A few days ago, while I was in my clinic seeing patients, I received a phone call. It was another doctor who wanted to discuss with me the results of a patient’s laboratory exam.
It is not unusual to have another doctor call me to discuss about a mutual patient. Except this one was not about a mutual patient. On the other line was the Hematologist-Oncologist (Hem-Onc) doctor. The patient he was calling me about, is my wife.
It started with a regular annual doctor’s visit. After having routine test, my wife’s Primary Care physician was alarmed by the results of the complete blood count (CBC). This prompted a referral to the blood and cancer (Heme-Onc) specialist.
After the evaluation by the Hem-Onc doctor and having the exam repeated, that’s when the specialist called me. He said that he was concerned about the elevated count of a blood component, and for some “funky-looking” cells. He recommended a confirmatory test, a bone marrow biopsy.
Bone marrow biopsy is not a very dreadful procedure but its not a walk in the park either. It can be done as an outpatient, usually under “conscious sedation” (meaning, light sleep). It entails drilling a long large bore needle into the hip bone down to the marrow, and aspirating and scraping a “sample” contents inside the bone.
The problem of being a doctor, is that you know “too much.” Too much than needed. So in my mind, I already ran down on the possible differential diagnosis. I started to play the different scenarios, their treatments and outcomes. And even though I know that it can be nothing or something benign, I couldn’t shake off the idea that it can be a myeloproliferative disorder. In layman’s term, leukemia.
My spouse’s family history was not reassuring either. Her father died of cancer in his 60’s. She has two brothers that died prematurely, one was barely 50, and the other one in his 40’s. Then her sister who was a little older than her, was diagnosed with cancer in her 40’s.
I tried to be nonchalant and positive about it when I spoke with my wife, but I think she can sense that it can be something serious. For the succeeding days prior to the scheduled biopsy, both of us were feeling the uneasiness, as if there’s angry storm clouds hanging over our heads ready to discharge their fury.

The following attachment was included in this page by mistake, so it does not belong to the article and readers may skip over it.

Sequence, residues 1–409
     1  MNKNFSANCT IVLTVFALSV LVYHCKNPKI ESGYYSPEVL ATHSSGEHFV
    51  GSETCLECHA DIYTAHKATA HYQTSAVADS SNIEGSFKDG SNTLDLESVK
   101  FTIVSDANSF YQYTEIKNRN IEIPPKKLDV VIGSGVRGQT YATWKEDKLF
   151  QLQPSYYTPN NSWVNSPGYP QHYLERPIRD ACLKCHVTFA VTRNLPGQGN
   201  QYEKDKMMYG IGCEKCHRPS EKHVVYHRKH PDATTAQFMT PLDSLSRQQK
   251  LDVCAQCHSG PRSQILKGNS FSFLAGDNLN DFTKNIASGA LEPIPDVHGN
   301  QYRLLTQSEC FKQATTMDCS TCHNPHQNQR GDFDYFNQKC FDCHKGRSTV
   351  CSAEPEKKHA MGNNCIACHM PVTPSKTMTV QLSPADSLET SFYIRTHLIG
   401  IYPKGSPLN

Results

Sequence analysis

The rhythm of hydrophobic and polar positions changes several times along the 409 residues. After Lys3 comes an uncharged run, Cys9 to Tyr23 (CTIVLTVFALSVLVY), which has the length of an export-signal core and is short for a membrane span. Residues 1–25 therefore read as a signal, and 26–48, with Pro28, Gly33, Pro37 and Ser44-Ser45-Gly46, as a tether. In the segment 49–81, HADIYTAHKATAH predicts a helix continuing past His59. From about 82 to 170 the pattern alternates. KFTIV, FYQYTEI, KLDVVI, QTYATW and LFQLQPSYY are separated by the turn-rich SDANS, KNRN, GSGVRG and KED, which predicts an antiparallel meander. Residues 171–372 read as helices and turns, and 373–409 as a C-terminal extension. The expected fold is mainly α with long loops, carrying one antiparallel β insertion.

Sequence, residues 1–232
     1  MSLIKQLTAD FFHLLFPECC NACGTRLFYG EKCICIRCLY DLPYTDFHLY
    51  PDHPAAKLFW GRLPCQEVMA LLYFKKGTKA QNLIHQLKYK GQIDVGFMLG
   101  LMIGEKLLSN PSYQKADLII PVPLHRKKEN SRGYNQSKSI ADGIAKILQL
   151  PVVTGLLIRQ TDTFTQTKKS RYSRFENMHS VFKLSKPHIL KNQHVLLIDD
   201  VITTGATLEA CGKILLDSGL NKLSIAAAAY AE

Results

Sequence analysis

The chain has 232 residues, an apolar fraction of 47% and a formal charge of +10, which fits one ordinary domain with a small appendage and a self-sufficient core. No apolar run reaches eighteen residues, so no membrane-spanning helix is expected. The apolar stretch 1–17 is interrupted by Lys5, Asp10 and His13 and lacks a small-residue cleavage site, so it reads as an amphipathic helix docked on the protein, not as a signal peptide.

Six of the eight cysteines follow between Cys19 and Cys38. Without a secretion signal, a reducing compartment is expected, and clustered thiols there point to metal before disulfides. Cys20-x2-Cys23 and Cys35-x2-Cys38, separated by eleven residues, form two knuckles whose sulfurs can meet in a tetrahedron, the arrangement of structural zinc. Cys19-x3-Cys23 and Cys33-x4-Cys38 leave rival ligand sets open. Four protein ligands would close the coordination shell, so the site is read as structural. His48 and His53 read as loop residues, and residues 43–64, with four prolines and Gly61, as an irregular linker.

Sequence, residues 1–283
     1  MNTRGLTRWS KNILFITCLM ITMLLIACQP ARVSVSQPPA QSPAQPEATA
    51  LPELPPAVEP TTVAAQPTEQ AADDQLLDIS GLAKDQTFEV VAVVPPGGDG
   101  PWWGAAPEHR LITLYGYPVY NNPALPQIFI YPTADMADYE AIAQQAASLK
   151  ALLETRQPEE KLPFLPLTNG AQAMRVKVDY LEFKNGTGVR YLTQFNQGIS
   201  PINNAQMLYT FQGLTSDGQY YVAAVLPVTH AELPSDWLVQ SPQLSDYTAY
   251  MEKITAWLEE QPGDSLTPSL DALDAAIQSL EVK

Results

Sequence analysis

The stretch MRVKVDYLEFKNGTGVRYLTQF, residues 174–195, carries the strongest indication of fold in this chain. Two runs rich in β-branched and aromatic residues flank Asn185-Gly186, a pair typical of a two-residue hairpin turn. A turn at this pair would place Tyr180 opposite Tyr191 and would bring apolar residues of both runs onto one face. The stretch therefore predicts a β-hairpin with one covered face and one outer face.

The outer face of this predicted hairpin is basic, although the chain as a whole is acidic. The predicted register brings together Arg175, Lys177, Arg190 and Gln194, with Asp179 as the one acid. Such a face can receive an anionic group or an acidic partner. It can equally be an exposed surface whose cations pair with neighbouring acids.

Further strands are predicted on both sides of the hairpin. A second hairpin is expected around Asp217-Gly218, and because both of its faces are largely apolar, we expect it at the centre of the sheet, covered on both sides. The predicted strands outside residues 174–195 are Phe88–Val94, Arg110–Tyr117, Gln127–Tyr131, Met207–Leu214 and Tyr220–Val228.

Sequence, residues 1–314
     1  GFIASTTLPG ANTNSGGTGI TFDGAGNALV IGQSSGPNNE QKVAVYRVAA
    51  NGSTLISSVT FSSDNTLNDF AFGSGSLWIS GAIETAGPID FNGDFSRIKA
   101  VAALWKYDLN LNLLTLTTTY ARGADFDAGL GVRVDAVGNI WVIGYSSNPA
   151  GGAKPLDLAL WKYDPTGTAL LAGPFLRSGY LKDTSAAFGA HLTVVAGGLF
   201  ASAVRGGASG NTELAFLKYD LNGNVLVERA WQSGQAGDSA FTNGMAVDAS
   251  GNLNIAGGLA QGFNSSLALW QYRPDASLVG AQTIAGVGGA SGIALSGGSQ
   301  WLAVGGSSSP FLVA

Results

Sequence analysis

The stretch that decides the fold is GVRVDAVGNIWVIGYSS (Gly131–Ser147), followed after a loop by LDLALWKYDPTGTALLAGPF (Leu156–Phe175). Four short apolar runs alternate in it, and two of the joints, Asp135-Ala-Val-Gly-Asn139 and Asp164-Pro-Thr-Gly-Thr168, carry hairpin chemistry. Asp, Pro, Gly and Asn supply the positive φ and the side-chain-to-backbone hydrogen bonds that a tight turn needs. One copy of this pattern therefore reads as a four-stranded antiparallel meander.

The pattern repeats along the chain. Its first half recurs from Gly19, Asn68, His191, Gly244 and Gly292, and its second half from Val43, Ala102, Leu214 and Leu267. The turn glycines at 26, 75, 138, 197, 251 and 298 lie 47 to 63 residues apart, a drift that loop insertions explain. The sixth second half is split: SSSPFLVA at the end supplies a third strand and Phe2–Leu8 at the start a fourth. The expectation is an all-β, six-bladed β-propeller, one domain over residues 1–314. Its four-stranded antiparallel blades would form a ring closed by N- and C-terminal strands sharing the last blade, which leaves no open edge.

The fear of the unknown is one of man’s greatest fears. It terrifies us. It consumes us. It kills us even before we die.
Two nights before the biopsy, we both cannot sleep. My wife asked me point blankly, “Am I going to die?”
I don’t know how to answer that question. Or perhaps I don’t want to answer that question.
She told me that she’s really afraid. So in the middle of the night she asked that we kneel down in prayer.
As we prayed, I asked God to be with us as we go through this storm.
Suddenly I was drawn to the story of Jesus and his disciples when they were caught in a great storm* while crossing the Sea of Galilee. I saw myself struggling with the oars and the sail with the disciples. We were trying our best to keep the boat afloat……
The winds are howling. The billows are rolling. The thunders are cracking. The storm is raging. And I am terrified and trembling.
But where is Jesus?
He is asleep! How can he sleep, when we are about to be swallowed by the storm and the sea?
“Master, do You not care that we are perishing?” I cried.
When Jesus arose, he looked at me lovingly, yet he asked me why do I have so little faith.
Then he spoke: “Peace, be still.”
I looked around me. The winds are howling. The billows are rolling. The thunders are cracking. And the storm is even more raging.
But I am still.
(*Mark 4: 37- 40)